John Hurrell – 6 October, 2010
Perhaps my joining up these seven images like this, weaving them into a kind of sequence, is somewhat forced, that they are independent and discrete, each with a life of its own. However moving around a confined space such as Ivan Anthony's with its four small rooms, is not the same, say, as wandering down a long corridor where they are lined up - where retaining images in your memory is not so important.
22 September - 16 October 2010
In this slightly odd group of seven works featuring somewhat inconsistent subject matter, Yvonne Todd presents two figure studies, one portrait, one animal, a flower, an instrument and its player - and a building. Whilst teasingly disparate, these - as you would expect from this artist - are intriguing, confident images, and there are linking threads. In a vague way these unite the show.
Perhaps it doesn’t matter whether they do or don’t? However I’d like to think the artist has organised her work, selectively picked it out from a pool of recent projects, rather than simply decided to display the last seven items she has created.
For example the image of the fair-haired young woman in Did Anybody Ever Tell You That You’re Pretty when You Are Angry? seems to be central because the photo connects with several other images. She is wearing knickers and ‘wristwarmers’ of the same diaphanous green material, to which the small parasol that she holds is also similar. As a semi-naked figure study she is related to a much larger male image, Gunther in the room next door. He, lean and wiry in three-quarter profile - with long hair and beard - wears only a loincloth but is smeared on his chest and thighs with what seems to be white clay.
The girl’s face is of interest because she seems slightly irritable. Her eyes are intense and her upper lip is pressed tautly against her front teeth - making her demeanour slightly rodentlike, as if she is sucking her cheeks in - something hard to do if your mouth is open. The directness of her gaze is matched by the blank stare in a third photo of an older woman looking vacantly in space after contemplating a crystal ball.
This older woman has her hair is tied in a bun which, when seen from an angle, makes up a crescent shape that reflects a moonshaped shadow in the sphere and the white free edges of her nails. She is wearing an ornate dress of tubular beads and sequins that flicker and shine with reflected light - that aspect linking to a fourth photograph out in the hallway, a beautiful pristine image of a boxlike skyscraper with its reflective rectangular glass planes dissolving in an early evening, slowing darkening, blue sky.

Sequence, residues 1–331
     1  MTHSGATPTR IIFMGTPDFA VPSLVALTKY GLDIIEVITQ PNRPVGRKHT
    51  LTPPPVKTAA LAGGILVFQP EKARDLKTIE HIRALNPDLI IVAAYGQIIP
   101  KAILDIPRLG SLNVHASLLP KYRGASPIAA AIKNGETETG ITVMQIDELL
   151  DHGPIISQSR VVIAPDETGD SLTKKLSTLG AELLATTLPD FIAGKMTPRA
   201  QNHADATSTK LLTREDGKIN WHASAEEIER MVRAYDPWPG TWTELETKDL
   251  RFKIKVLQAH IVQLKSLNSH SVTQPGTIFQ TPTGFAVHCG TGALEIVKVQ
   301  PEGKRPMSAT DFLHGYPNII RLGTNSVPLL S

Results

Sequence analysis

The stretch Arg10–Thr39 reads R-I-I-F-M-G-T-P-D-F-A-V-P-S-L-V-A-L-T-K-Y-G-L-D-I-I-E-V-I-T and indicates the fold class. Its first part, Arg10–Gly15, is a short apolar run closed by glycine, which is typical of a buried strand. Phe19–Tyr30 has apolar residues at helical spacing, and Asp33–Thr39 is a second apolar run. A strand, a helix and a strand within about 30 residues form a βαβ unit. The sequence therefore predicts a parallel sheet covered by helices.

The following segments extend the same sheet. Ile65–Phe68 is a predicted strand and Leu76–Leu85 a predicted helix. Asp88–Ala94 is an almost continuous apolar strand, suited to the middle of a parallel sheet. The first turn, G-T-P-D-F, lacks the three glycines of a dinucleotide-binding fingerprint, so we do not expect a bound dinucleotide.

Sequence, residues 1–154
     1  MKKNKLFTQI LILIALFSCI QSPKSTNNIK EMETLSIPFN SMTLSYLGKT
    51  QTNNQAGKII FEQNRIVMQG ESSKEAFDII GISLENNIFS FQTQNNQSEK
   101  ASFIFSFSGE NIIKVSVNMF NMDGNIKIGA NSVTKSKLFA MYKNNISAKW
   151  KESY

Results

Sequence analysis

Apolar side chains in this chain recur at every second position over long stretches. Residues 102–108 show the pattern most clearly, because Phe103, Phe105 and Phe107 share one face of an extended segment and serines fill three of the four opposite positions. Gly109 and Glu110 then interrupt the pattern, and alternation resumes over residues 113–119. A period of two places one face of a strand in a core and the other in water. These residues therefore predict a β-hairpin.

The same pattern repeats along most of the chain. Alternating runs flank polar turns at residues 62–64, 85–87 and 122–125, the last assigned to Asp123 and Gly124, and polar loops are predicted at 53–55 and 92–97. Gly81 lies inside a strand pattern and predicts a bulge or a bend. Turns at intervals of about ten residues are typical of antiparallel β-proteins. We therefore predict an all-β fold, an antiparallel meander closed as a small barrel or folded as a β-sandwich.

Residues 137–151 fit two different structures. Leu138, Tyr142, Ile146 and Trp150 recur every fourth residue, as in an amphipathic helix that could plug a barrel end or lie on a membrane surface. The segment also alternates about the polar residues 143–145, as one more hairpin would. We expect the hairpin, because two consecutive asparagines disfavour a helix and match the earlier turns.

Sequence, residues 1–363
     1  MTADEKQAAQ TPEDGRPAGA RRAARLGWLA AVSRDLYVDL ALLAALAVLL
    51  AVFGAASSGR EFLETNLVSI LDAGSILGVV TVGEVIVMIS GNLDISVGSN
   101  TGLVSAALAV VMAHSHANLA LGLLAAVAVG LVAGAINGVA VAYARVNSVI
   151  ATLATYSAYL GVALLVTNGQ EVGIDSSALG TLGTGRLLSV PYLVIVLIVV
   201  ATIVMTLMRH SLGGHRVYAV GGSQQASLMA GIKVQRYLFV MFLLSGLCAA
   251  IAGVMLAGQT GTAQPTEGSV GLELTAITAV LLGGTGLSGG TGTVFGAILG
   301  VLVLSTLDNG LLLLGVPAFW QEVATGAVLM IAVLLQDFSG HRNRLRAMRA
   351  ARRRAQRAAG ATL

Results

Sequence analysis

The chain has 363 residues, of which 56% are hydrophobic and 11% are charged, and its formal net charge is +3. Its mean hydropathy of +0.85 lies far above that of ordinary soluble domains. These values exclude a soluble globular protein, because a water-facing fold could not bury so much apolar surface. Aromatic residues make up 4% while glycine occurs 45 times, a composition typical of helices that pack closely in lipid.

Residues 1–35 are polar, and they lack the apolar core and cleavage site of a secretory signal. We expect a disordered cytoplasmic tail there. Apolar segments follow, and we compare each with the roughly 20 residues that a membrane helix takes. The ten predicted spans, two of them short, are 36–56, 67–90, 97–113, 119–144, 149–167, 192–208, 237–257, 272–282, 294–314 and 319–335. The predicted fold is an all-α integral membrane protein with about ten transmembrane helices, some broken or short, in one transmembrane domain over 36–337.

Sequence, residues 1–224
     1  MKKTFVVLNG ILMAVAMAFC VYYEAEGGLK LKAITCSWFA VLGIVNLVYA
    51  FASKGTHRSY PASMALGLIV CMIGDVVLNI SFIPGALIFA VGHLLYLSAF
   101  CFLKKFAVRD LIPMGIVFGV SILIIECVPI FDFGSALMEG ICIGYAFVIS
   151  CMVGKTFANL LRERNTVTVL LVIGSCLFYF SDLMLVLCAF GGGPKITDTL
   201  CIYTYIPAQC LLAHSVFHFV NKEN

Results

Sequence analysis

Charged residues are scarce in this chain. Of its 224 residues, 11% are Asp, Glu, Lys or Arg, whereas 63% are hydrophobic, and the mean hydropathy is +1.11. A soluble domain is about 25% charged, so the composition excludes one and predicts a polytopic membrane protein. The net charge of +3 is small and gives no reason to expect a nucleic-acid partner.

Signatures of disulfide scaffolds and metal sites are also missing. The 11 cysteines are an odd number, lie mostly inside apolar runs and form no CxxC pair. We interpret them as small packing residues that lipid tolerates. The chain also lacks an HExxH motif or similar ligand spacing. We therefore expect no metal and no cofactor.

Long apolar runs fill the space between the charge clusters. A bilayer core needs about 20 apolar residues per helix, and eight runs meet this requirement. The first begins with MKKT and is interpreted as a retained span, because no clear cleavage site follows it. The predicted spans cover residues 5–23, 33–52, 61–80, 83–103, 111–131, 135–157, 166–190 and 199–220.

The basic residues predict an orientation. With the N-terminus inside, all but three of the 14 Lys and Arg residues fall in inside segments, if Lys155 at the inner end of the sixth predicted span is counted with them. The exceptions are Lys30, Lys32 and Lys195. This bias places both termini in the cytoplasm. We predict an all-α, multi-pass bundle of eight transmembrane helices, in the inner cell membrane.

The flimsy, decorative umbrella the topless teenager holds, with its long handle, relates to a fifth, very formal image here, of a long stalked camellia with pale pink petals and rust coloured splotches, while the long hair of the bearded man in the second photograph I mentioned mirrors the long hair of the harpist in the sixth image. She is called, rather unfairly I think, Greasy Harpist, but her skin does seem a little shiny.
Now in this piece of writing I have been zigzagging around - like corralling a herd of cats (as they say) - describing and placing value on certain salient formal elements within the artwork. Similarly (for the last link) the golden instrument belonging to the Greasy Harpist, I’ve noticed, has a protruding loop at its top on the right, joining its curved neck and its diagonal soundbox.
That flattened loop sticking out has correlations with part of the last, seventh photograph - a gorgeous image of a beady-eyed hedgehog with a cute little snout. Its pointed damp nose mimics the tight bend in the harp.
The animal is sitting down in profile so you can’t see its skinny black legs. Positioned against a white backdrop, that reveals the tactile directions of its spiky prickles and dark whiskers, and the varieties of matted hair on different parts of its oval body.
Perhaps my joining up these seven images like this, weaving them into a kind of sequence, is somewhat forced, that they are independent and discrete, each with a life of its own. However moving around a confined space such as Ivan Anthony’s with its four small rooms, is not the same, say, as wandering down a long corridor where they are lined up - where retaining images in your memory is not so important. Todd’s images are about the particular, the unique qualities of each individual subject and her subsequent accentuation (or perhaps suppression) of detail to create a highly pleasurable variety of artificiality. It is inevitable that you compare images, overlaying and contrasting what you see.
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